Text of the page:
MeerKAT discovery of radio emission from the Vela X-1 bow shock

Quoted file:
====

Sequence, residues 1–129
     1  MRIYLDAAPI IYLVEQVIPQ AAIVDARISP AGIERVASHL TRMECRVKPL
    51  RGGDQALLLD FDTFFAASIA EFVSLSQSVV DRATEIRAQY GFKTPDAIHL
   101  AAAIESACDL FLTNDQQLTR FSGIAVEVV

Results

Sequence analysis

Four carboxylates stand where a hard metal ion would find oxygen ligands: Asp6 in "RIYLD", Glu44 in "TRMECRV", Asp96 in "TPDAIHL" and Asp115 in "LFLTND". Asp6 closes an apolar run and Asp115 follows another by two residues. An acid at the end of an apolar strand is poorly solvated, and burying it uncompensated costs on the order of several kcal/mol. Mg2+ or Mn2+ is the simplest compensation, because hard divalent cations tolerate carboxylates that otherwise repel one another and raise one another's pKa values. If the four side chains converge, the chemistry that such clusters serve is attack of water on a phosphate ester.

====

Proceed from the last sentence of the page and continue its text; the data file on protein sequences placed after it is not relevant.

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Vela X-1 is a runaway X-ray binary system hosting a massive donor star, whose strong stellar wind creates a bow shock as it interacts with the interstellar medium (ISM). This bow shock has previously been detected in H α and infrared, but, similar to all but one bow shock from a massive runaway star (BD+43o3654), has escaped detection in other wavebands. We report on the discovery of 1.3 GHz radio emission from the Vela X-1 bow shock with the MeerKAT telescope. The MeerKAT observations reveal how the radio emission closely traces the H α line emission, both in the bow shock and in the larger scale diffuse structures known from existing H α surveys. The Vela X-1 bow shock is the first stellar-wind-driven radio bow shock detected around an X-ray binary. In the absence of a radio spectral index measurement, we explore other avenues to constrain the radio emission mechanism. We find that thermal/free-free emission can account for the radio and H α properties, for a combination of electron temperature and density consistent with earlier estimates of ISM density and the shock enhancement. In this explanation, the presence of a local ISM overdensity is essential for the detection of radio emission. Alternatively, we consider a non-thermal/synchrotron scenario, evaluating the magnetic field and broad-band spectrum of the shock. However, we find that exceptionally high fractions (13 per cent) of the kinetic wind power would need to be injected into the relativistic electron population to explain the radio emission. Assuming lower fractions implies a hybrid scenario, dominated by free-free radio emission. Finally, we speculate about the detectability of radio bow shocks and whether it requires exceptional ISM or stellar wind properties.
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